Horse Cruelty Cases Up in Ector County - KWES NewsWest 9 / Midland, Odessa, Big Spring, TX: newswest9.com |

Horse Cruelty Cases Up in Ector County

By Wyatt Goolsby
NewsWest 9

ODESSA - Police in Odessa are asking you keep your eyes open just in case you see any suspicious activity. In the last few months, Animal Control Officials are reporting more than a dozen horses have been abused or neglected.

In Ector County, the total number of horse cruelty cases since May stands at 22. Those include neglected and abused horses and donkeys. Many of them were just left with no food or water. Officers said even if you can't afford to keep them, there are always other options.   

"You can see the ribs, the spine in the back, some of them had been standing in feces in the water just from neglect, but the majority of it was people just not being able to feed them and water them anymore," Officer Clyde McGee, with Odessa Animal Control, explained Wednesday while describing some horses' conditions.

After looking at the pictures, and hearing the numbers, it's clearly a bad situation. Odessa Animal Control officers said in the last six months, they've seized six horses and euthanized two because of poor health. One donkey was found abused and abandoned.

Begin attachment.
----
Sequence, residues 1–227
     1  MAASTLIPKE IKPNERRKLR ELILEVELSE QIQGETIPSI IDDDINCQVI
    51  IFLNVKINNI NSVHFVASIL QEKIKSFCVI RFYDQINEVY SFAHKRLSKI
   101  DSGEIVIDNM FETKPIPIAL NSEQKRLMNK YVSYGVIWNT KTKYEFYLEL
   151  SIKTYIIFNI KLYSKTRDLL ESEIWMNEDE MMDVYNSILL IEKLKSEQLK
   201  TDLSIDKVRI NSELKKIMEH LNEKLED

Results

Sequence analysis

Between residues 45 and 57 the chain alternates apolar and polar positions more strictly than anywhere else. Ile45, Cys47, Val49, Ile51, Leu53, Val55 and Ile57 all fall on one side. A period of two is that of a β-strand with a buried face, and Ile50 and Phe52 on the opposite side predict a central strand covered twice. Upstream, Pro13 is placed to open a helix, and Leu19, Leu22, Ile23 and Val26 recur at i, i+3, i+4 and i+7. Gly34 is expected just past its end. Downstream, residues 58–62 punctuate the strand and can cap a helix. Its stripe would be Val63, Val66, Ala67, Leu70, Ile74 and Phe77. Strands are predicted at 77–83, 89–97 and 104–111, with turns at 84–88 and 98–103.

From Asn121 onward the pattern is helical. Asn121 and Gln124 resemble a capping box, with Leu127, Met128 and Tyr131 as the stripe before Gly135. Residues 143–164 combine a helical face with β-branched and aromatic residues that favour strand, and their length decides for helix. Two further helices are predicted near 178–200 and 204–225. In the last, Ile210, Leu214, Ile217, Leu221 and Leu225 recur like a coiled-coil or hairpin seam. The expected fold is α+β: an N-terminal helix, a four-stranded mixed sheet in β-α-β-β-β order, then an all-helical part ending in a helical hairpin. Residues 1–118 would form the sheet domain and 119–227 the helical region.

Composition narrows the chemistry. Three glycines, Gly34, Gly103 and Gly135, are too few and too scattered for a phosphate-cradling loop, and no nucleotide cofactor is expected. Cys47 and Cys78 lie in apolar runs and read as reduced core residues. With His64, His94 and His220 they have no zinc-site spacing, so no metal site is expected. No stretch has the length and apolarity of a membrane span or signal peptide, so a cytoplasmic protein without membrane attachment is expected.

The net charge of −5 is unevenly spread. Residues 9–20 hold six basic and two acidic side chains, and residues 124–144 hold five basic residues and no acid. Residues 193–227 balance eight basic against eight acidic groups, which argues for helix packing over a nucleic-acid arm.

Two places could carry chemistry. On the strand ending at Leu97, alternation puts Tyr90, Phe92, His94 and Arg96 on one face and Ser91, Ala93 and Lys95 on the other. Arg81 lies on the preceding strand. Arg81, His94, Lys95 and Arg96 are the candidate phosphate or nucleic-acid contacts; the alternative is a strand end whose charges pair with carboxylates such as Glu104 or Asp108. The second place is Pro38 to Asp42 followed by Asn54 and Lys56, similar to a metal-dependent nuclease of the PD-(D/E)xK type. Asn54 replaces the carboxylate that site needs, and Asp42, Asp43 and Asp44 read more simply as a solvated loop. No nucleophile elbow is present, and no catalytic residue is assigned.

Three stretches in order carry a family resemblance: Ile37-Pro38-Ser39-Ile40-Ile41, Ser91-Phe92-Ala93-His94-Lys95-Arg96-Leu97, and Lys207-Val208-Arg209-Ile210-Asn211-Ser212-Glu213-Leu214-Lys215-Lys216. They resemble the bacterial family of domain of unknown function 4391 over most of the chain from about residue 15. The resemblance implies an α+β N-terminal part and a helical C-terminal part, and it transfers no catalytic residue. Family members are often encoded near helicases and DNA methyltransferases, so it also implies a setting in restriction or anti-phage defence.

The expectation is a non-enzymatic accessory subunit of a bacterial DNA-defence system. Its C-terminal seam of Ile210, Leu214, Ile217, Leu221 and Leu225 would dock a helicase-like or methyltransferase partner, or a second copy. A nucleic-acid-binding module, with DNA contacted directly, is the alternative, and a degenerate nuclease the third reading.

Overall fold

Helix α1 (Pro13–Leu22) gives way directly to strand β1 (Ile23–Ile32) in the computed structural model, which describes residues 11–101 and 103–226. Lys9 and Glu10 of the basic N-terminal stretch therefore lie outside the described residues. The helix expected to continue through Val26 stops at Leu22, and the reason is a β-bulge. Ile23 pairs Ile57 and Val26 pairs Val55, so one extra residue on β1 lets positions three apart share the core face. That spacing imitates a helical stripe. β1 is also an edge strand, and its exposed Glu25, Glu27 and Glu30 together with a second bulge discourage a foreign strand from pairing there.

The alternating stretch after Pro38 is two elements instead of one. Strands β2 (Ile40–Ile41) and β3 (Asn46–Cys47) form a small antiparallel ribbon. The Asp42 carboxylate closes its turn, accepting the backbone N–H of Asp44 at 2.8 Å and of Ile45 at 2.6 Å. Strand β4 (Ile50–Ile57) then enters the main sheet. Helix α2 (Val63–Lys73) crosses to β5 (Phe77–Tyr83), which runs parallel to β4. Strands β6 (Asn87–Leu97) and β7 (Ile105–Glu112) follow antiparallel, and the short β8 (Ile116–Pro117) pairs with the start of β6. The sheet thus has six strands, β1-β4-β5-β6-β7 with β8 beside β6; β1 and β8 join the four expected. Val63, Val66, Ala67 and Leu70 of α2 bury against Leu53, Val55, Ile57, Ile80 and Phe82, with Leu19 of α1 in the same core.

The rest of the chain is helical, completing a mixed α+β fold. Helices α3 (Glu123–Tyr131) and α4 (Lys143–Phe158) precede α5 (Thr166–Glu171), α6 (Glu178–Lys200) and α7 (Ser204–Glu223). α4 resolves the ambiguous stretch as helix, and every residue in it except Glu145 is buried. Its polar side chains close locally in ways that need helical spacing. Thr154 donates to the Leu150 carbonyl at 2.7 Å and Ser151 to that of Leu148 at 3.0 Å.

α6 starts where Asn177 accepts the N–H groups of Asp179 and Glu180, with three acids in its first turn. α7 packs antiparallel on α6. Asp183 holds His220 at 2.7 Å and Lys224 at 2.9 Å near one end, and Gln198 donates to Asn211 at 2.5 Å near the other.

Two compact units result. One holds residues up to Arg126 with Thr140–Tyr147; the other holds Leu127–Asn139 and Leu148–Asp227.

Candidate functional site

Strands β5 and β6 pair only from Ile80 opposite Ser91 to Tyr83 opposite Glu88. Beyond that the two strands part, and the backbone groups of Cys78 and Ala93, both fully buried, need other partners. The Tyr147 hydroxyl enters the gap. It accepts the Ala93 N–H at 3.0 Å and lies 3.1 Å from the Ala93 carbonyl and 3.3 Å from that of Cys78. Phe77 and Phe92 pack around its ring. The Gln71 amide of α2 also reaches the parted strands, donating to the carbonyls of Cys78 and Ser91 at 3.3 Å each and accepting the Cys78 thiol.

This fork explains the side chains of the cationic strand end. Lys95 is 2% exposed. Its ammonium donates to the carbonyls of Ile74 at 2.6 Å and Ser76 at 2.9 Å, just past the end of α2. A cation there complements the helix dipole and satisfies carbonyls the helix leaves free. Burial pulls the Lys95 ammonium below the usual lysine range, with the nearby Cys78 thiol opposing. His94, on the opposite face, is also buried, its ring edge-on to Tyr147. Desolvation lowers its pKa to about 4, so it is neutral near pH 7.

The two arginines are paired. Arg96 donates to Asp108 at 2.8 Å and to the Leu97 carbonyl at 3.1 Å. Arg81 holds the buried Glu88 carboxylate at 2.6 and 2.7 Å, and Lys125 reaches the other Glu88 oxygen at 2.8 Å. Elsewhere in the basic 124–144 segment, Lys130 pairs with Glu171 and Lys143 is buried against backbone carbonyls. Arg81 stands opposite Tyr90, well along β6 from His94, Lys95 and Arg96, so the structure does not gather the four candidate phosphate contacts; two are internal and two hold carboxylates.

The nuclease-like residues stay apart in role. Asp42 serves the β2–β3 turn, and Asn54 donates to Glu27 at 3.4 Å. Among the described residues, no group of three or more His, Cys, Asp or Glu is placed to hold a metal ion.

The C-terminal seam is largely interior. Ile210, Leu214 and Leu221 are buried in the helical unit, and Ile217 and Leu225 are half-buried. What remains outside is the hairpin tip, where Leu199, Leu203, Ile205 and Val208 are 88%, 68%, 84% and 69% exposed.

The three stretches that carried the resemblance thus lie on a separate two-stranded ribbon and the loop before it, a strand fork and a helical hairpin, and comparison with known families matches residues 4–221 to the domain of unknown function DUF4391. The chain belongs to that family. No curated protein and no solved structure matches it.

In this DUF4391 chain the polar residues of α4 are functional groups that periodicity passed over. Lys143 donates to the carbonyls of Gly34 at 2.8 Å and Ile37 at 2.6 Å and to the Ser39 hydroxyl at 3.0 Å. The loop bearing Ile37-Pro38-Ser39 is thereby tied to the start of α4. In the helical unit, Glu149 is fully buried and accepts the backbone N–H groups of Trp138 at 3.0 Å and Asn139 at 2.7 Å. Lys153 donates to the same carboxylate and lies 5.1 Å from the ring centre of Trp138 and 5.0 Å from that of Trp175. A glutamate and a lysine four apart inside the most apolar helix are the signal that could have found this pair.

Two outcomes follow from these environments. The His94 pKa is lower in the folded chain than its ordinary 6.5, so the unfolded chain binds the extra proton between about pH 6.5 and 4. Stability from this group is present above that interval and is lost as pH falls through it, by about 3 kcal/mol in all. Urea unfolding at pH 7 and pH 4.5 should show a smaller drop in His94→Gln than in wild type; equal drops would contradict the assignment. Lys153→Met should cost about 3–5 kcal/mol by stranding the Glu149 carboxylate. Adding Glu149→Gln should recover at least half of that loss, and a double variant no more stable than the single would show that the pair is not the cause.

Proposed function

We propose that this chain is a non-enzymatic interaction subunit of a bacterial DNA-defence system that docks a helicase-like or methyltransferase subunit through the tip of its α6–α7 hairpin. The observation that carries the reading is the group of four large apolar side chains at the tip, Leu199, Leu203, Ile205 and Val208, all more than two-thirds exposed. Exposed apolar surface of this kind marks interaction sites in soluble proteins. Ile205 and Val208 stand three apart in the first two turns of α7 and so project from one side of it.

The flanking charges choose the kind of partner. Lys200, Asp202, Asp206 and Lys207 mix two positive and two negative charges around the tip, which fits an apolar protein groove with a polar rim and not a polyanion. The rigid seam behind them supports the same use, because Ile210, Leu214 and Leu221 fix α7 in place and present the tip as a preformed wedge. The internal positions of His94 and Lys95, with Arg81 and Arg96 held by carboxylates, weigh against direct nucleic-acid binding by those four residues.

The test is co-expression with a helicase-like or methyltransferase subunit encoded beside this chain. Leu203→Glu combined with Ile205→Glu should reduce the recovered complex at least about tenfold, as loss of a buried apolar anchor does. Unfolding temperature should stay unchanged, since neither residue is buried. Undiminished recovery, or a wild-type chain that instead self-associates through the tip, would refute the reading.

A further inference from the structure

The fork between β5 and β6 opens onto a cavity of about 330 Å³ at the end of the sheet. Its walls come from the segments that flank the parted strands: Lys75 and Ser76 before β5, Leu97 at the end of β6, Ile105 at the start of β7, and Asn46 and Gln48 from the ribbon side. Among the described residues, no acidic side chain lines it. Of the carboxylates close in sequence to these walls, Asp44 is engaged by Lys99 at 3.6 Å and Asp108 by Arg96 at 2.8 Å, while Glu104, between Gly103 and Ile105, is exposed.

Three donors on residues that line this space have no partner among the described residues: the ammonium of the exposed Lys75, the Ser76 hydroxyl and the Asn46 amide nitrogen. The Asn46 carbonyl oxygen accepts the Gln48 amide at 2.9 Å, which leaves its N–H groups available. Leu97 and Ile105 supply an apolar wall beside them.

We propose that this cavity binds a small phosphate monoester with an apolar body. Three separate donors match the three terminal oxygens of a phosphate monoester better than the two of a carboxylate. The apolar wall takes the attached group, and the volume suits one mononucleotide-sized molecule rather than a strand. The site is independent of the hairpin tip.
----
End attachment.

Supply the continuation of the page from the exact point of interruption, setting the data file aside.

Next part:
"As the economy has gotten bad, we've seen a lot of people that had to move their finances around, and unfortunately the animals and the horses in this case, as much care as they require, have gotten the short end of the deal," McGee said.

Officer McGee also said all of the cases are pleasure horses, and seem to be happening all over the city and county. Their message: You never need to leave your animals starving.

"Think about the animals first," Officer McGee added. "If you can't afford them, everybody understands that. Let's find a good home for them. If you can't sustain them and feed and water them, let us know, we will be glad to help you in any way that we can."

Police also said Odessans are generally good about letting them know if they see any abused animals. Animal cruelty charges can carry up to a year in prison and a $4,000 fine.

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